by | Oct 2, 2009 | Detroit Free Press | 0 comments

In the fifth inning, with no outs, a victory still thinkable and Magglio Ordoñez on first base, Miguel Cabrera swung, grounded to short and was thrown out for a double play. He stood there, staring, hands on his hips, as if to say, “What do we have to do to get some runs in this thing?”

Good question. A few innings later, another Cabrera, Orlando, smacked a liner to the right-centerfield wall, clearing the loaded bases, and officially turning the game into a Minnesota rout. Tigers fans rose from their seats, and under a perfect October sun, a day tailor-made for a happy baseball finish, they walked out incomplete.

Still waiting. The herky-jerky Tigers, who have navigated this season like a driving student pumping the brakes, have reached the final weekend on the schedule wavering between two possible extremes: playing for a championship or clearing out their lockers.

Thursday would have been an ideal ending. But it was hardly an ideal game. Marred by errors, hit batsmen, stranded runners and a bench-clearing staredown late in the game, the Tigers’ 8-3 defeat was less a final page than a chapter ending, less a cymbal crash than a drum fill between verses.

The Tigers and Twins may be done with each other.

But their fates are not. Sometimes good, sometimes not so good

Here’s how you knew it wasn’t meant be easy for the Tigers: The Twins – who aren’t big on walking opposing batters – walked six Tigers on Thursday afternoon. They also had four errors – their highest total all season. And Detroit STILL struggled putting runs on the board. It’s like shoving milkshakes down your throat and still losing weight.

The Tigers left 12 men on base, or an average of man and a third an inning. That inexact number is a perfect symbol of their year, somewhere between here and there. You look at the pitching staff and you say, “Hmm, a short playoff series, Verlander, Jackson, Porcello, why not?”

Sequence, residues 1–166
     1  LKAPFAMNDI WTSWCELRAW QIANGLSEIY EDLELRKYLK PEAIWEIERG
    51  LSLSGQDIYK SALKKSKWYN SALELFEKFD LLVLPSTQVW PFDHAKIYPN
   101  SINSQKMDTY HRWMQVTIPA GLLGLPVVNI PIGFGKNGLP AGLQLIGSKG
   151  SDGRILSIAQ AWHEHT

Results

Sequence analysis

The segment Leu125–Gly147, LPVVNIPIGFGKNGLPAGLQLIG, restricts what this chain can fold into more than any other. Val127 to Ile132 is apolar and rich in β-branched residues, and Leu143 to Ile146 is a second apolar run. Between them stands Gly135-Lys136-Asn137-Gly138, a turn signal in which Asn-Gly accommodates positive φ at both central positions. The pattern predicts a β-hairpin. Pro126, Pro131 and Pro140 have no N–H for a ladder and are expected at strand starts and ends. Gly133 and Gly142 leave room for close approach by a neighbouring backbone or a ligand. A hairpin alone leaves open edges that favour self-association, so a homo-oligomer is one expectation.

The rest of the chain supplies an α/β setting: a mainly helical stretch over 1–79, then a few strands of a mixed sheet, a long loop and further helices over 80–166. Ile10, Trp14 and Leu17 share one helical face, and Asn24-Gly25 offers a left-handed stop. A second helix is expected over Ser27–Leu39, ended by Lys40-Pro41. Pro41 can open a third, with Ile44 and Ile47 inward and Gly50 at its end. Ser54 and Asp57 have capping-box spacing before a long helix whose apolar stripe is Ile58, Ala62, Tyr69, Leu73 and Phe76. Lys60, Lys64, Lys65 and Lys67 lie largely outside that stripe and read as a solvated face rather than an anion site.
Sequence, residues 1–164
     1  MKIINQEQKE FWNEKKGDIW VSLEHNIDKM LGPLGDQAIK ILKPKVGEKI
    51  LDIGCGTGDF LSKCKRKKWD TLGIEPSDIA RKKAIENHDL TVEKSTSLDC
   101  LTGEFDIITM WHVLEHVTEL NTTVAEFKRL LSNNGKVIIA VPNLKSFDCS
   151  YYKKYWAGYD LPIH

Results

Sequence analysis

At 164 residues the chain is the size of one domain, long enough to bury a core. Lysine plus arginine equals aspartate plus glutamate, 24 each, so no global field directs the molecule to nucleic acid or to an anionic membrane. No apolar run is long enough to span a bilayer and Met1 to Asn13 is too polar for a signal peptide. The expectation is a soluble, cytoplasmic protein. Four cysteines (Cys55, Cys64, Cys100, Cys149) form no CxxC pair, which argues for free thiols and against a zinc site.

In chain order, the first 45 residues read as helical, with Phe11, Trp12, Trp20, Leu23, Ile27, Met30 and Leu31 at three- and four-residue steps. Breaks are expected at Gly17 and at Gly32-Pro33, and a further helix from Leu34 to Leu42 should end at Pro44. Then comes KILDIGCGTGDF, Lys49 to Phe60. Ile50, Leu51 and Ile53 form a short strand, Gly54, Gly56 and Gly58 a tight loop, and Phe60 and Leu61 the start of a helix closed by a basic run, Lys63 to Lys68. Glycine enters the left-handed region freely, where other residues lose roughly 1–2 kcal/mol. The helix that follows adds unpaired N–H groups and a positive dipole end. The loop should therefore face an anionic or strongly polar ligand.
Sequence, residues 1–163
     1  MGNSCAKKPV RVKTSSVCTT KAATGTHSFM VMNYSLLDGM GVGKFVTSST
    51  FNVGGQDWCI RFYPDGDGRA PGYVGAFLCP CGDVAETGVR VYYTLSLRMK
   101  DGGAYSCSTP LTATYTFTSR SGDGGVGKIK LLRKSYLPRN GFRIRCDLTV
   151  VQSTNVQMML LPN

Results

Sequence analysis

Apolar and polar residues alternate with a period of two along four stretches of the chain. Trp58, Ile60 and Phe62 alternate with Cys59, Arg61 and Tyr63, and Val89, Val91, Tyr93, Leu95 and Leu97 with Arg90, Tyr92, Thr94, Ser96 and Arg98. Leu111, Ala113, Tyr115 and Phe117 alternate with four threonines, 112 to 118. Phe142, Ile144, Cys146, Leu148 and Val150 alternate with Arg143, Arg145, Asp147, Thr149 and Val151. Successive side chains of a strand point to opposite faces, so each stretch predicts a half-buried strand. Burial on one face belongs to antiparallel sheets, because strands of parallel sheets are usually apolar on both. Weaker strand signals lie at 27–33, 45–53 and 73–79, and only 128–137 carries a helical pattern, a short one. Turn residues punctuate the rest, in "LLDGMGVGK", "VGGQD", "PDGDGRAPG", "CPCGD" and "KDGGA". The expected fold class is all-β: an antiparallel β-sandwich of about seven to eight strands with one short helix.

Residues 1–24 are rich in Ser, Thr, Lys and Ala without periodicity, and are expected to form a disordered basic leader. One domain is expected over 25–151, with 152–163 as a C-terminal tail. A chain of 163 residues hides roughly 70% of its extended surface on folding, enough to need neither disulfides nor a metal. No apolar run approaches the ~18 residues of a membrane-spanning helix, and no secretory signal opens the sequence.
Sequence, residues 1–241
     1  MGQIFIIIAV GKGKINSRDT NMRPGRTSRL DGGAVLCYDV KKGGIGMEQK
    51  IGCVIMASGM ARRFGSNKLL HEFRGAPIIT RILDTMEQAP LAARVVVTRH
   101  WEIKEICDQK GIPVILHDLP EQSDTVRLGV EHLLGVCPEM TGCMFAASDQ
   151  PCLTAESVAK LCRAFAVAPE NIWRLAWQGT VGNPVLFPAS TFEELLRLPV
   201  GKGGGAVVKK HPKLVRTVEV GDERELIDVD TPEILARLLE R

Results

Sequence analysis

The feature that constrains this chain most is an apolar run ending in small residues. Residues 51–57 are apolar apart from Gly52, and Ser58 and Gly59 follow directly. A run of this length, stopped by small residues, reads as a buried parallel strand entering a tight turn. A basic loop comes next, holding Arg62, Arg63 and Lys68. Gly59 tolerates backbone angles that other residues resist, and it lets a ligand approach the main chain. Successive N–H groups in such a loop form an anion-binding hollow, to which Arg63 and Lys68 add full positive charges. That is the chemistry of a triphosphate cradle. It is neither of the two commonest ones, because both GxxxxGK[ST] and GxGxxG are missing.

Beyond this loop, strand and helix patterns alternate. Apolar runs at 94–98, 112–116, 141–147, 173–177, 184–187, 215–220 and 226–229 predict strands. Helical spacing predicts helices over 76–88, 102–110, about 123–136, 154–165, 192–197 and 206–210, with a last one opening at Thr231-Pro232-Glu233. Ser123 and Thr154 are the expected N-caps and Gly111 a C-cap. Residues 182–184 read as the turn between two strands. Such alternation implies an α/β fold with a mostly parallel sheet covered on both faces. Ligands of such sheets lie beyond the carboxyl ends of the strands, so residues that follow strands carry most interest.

Then you look at the regular season, the way the bats sometimes go cold at the worst times, and you ask, “Why?” The Tigers had great chances on Thursday. They didn’t have great pitching. They fell victim to the latter and couldn’t handle the former.

After the game, Minnesota outfielder Denard Span told the media “we just didn’t want to see them celebrating,” but the odds still favor the Tigers whooping it up. They would have to lose all three remaining games – at home, against the White Sox – to blow this thing. And the Twins would need to sweep the Royals in the Metrodome.

That’s pretty unlikely. A weird way to end it

Still, you do regret this thing couldn’t have ended more decisively Thursday. The Twins and Tigers have chased each other from afar for a while, and in their final scheduled meeting, the Tigers digging in the last dagger would have been sweet for the Comerica Park crowd.

But while the Twins slapped hands confidently after the game, it was more macho than math. The math says something pretty strange would have to happen for the Tigers to lose this (or at least reach a one-game tiebreaker).

Then again, strange was the name of the game Thursday. You want to know how strange? The Twins’ Delmon Young got hit by a pitch, fell writhing on the ground, then rose and wagged an angry finger – at his own teammate! Young blamed Twins pitcher Jose Mijares for earlier throwing at a Tiger, which caused Young to get a retaliatory beaning by Detroit’s Jeremy Bonderman.

In other words, Young was saying, “Thanks a lot, teammate! Thanks to your stupid move, they’re coming after ME!”

I don’t get it. If they all know it’s coming, why do they bother to do it?

Then again, I guess you could say the same thing about this pennant race. If it seems so over, how come they just don’t finish it?

Mitch Albom will sign copies of “Have a Little Faith” at 10 a.m. Saturday at the Barnes & Noble in East Lansing. Contact MITCH ALBOM: 313-223-4581 or malbom@freepress.com.


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Mitch Albom writes about running an orphanage in impoverished Port-au-Prince, Haiti, his kids, their hardships, laughs and challenges, and the life lessons he’s learned there every day.

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